OK, so Western Pennsylvania has become a hub for filmmaking. Over the past few years, we’ve had “Out of the Furnace,” “The Dark Knight Rises,” “Love and Other Drugs” and a few others. Sure, we’re not Hollywood or the Big Apple, but, give it some time, and, maybe … Well, moving on, here’s a list of the Top 10 movies shot in Western Pennsylvania. It was a rigorous selection process, as we strived to find the movies that had the most scenes filmed in and around Western Pennsylvania.
10. “Warrior” (2011) — Easily, one of the most under-seen movies of 2011, “Warrior” follows the story of two brothers from a hardscrabble Pittsburgh family looking for a big payday in a national UFC event. Tom Hardy and Joel Edgerton turn in great performances, as well as Nick Nolte, who picked up an Oscar nomination for his role. For a little extra Pittsburgh flavor, Kurt Angle had a supporting part.
9. “Dogma” (1999) — Director Kevin Smith has filmed a couple of movies in Pittsburgh, but “Dogma” is among his best. Yep, right up there with “Clerks” and “Mallrats.” A tremendous cast — Matt Damon, Ben Affleck, Alan Rickman, Chris Rock, Linda Fiorentino, Jason Lee, George Carlin and Salma Hayek star — does great work in this thought-provoking comedic assault on Catholicism.
8. “Wonder Boys” (2000) — A stellar cast, including Michael Douglas, Tobey Maguire, Frances McDormand, Robert Downey Jr., and Katie Holmes, navigates filmmaker Curtis Hanson’s spectacular comedy drama, adapted from Pitt grad Michael Chabon’s novel of the same name. The picture tracks the relationship between a college professor and one of his outcast students. Well, actually they’re both outcasts.
7. “The Perks of Being a Wallflower” (2012) — Credit Stephen Chbosbky for one of the best teen dramedies that’s arrived in theaters since the heyday of John Hughes. The Pittsburgh native penned the bestselling coming-of-age novel of the same name before putting together a screenplay and directing the movie himself. The results turned out to be one of the best films of 2012. Emma Watson, Logan Lerman and Ezra Miller have lead roles.
6. “Flashdance” (1983) — One of the movies that’s always identified as being a Pittsburgh movie, director Adrian Lyne’s film was immensely popular in the 1980s. Although it doesn’t hold up as well as some of the others, it’s feel-good final scene is still fantastic. Starring Jennifer Beals and Michael Nouri, it presents a gritty Pittsburgh that was still in the process of making its transition to a hub for healthcare, energy and tech companies.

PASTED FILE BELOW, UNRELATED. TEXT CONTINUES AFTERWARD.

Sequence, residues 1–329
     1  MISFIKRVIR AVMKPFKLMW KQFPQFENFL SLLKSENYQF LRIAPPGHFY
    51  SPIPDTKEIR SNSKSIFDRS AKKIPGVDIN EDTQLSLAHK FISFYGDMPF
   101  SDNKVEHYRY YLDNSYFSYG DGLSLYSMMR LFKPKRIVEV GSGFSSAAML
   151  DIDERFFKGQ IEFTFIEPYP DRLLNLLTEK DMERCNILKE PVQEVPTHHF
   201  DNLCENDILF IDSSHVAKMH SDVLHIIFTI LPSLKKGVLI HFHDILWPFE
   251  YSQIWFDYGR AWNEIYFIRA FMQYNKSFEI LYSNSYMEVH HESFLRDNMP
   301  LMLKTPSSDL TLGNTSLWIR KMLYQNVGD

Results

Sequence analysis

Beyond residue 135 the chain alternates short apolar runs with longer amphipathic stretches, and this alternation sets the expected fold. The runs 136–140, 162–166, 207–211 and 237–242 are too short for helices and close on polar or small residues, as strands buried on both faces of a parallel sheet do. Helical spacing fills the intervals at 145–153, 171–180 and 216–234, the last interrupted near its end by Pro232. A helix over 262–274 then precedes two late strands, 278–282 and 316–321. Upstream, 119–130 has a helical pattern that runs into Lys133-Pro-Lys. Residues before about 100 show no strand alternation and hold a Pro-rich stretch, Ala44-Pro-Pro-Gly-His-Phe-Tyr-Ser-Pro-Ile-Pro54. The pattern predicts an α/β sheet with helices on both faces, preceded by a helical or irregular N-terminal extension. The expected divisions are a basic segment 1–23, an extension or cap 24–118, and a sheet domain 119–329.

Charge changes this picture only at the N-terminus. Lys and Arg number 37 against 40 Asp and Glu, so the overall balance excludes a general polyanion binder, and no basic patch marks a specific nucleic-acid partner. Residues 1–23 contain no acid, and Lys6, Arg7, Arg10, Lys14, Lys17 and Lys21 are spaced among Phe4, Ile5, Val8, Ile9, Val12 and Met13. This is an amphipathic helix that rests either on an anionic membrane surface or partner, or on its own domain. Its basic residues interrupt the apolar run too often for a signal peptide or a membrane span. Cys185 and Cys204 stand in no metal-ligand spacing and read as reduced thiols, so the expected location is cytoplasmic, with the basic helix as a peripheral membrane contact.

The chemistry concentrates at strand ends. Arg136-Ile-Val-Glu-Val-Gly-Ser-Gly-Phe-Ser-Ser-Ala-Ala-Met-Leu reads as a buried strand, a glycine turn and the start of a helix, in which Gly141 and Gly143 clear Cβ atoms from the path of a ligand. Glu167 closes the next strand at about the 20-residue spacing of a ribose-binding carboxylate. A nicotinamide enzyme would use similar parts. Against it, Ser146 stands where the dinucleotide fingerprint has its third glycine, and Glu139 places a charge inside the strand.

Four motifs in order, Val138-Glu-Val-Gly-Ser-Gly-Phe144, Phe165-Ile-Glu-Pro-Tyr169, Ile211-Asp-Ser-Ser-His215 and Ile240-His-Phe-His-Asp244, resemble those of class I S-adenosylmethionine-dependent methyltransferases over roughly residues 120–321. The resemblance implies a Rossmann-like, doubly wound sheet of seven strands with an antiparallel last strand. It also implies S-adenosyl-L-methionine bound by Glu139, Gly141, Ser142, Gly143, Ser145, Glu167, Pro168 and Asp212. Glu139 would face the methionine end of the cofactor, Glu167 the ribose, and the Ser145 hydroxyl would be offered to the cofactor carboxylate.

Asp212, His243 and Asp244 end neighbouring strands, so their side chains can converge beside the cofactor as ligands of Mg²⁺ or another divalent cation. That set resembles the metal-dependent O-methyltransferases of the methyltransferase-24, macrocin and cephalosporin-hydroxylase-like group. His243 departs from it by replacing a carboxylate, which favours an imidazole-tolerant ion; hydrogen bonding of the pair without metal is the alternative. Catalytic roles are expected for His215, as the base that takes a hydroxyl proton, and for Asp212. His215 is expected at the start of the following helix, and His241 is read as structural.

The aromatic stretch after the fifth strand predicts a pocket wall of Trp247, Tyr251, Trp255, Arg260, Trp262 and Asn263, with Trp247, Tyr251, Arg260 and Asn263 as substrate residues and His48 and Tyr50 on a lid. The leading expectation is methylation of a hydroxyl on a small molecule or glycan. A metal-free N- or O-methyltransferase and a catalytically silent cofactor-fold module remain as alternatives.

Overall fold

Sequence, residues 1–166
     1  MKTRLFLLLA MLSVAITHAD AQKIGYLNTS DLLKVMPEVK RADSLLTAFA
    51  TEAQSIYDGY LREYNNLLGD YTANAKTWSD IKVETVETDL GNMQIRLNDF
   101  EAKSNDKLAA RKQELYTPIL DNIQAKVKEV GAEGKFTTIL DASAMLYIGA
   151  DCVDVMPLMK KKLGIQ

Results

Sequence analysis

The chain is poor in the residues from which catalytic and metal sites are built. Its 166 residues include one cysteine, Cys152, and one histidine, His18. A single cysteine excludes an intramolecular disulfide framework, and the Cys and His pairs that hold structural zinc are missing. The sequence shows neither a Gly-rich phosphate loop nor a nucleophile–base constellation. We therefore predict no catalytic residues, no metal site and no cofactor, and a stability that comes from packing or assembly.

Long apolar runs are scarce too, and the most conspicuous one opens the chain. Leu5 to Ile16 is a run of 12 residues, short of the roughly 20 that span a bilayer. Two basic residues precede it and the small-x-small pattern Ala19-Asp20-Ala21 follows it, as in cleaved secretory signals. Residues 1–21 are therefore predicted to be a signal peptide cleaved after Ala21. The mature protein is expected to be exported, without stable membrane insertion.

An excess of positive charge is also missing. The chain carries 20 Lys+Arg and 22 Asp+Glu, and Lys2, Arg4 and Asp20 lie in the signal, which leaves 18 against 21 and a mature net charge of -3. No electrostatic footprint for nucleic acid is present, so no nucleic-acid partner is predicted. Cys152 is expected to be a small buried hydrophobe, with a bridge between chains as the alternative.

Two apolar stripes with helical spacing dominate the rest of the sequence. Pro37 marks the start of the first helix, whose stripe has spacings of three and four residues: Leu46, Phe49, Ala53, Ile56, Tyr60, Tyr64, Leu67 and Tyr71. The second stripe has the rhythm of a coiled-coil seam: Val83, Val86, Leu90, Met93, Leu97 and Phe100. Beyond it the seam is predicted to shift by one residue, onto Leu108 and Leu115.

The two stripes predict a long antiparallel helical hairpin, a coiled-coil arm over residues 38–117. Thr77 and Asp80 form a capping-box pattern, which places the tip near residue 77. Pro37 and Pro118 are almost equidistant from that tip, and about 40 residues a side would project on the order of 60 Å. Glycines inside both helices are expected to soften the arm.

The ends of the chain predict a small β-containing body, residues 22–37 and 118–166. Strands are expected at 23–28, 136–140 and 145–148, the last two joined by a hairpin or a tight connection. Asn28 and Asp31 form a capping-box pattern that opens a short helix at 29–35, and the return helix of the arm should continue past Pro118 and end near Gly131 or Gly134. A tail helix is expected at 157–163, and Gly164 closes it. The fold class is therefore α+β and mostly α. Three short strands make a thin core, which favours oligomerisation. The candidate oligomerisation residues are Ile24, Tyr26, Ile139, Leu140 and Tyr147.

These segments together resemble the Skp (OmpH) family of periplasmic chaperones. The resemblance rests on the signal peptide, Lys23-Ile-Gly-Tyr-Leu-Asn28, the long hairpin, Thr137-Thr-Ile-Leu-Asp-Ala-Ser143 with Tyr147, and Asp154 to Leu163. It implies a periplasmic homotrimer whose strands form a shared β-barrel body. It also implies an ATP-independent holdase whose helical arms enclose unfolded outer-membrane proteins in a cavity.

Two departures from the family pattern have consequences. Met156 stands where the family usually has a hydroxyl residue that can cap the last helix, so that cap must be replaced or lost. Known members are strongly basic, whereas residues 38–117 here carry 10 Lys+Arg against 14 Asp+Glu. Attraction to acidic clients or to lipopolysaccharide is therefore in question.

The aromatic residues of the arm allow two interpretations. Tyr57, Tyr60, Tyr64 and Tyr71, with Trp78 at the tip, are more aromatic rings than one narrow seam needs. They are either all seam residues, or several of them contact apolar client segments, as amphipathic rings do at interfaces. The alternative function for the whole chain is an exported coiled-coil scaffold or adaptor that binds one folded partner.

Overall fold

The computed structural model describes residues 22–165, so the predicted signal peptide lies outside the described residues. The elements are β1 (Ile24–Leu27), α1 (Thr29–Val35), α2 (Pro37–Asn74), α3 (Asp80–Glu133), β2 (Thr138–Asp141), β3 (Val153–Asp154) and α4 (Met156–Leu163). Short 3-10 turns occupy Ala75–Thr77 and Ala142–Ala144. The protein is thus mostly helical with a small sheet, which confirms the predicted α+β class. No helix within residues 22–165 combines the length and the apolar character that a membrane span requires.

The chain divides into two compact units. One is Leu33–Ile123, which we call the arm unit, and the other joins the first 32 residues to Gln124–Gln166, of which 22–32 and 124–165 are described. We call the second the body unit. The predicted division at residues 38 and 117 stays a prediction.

5. “The Dark Knight Rises” (2012) — The final film of director Christopher Nolan’s “Dark Knight” trilogy was the weakest of the three, but it was still a darn good picture. Not to mention, it’s part of arguably the greatest superhero franchise to ever hit the silver screen. Sorry, Superman. Intense performances from Christian Bale, Joseph Gordon-Levitt, Anne Hathaway, Michael Caine, Morgan Freeman and Tom Hardy only helped the film’s cause.
4. “Lorenzo’s Oil” (1993) — A real tearjerker, this drama starring Nick Nolte, Susan Sarandon and Peter Ustinov landed two Academy Award nominations. The feature, based on a true story, follows two parents striving to find a cure for what ails their young son. As their son’s health continues to decline, the mother and father are met with constant dead ends by medical specialists. Will their hard work eventually pay off? Pass the tissues, please.
3. “Bob Roberts” (1992) — Tim Robbins made his directorial debut with this mockumentary that will go down as one of the best movies about politics ever made. Packed with satire, Robbins plays the wealthy Bob Roberts, a guitar-slinging conservative who’s making a run for the U.S. Senate. Alan Rickman, Susan Sarandon, Giancarlo Espisito and Gore Vidal back Robbins in hilarious supporting roles.
2. “Silence of the Lambs” (1991) — One of the best thrillers of all time, “Silence of the Lambs,” a winner of five Academy Awards, might’ve even cost Alfred Hitchcock a good night’s sleep. Jodie Foster and Anthony Hopkins give scintillating performances in director Jonathan Demme’s masterpiece. The film follows a hunt for a serial killer in which a young FBI agent turns to an imprisoned psychopath for advice on finding their man.
1. “Night of the Living Dead” (1968) — Sick of seeing zombies in movies or on TV all the time? Well, you can thank George A. Romero, a young Carnegie Mellon graduate who made “Night of the Living Dead.” Since its arrival, the film has spawned a genre that refuses to die. The film follows a group of folks trapped in a secluded house surrounded by zombies. It’s a film that still stands as a game changer in the horror genre.
— “Gung Ho” (1986)
— “Adventureland” (2010)
— “The Mothman Prophecies” (2002)
— “Angels in the Outfield” (1951)
— “Hoffa” (1992)
— “Kingpin” (1996)
— “The Road” (2009)
— “The Fish that Saved Pittsburgh” (1979)
— “Dominick & Eugene” (1988)
— “Out of the Furnace” (2013)